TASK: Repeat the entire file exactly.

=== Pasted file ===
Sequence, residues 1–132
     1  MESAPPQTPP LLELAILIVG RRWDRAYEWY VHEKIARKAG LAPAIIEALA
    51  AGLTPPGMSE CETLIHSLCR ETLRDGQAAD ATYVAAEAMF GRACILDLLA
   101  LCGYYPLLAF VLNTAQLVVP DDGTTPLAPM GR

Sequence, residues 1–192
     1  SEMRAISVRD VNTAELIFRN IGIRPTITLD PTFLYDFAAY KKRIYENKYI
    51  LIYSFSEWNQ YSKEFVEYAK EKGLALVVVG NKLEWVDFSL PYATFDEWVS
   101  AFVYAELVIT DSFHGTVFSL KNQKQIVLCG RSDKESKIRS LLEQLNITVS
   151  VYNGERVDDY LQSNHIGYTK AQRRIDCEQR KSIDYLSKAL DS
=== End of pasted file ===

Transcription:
Sequence, residues 1–132
     1  MESAPPQTPP LLELAILIVG RRWDRAYEWY VHEKIARKAG LAPAIIEALA
    51  AGLTPPGMSE CETLIHSLCR ETLRDGQAAD ATYVAAEAMF GRACILDLLA
   101  LCGYYPLLAF VLNTAQLVVP DDGTTPLAPM GR

Sequence, residues 1–192
     1  SEMRAISVRD VNTAELIFRN IGIRPTITLD PTFLYDFAAY KKRIYENKYI
    51  LIYSFSEWNQ YSKEFVEYAK EKGLALVVVG NKLEWVDFSL PYATFDEWVS
   101  AFVYAELVIT DSFHGTVFSL KNQKQIVLCG RSDKESKIRS LLEQLNITVS
   151  VYNGERVDDY LQSNHIGYTK AQRRIDCEQR KSIDYLSKAL DS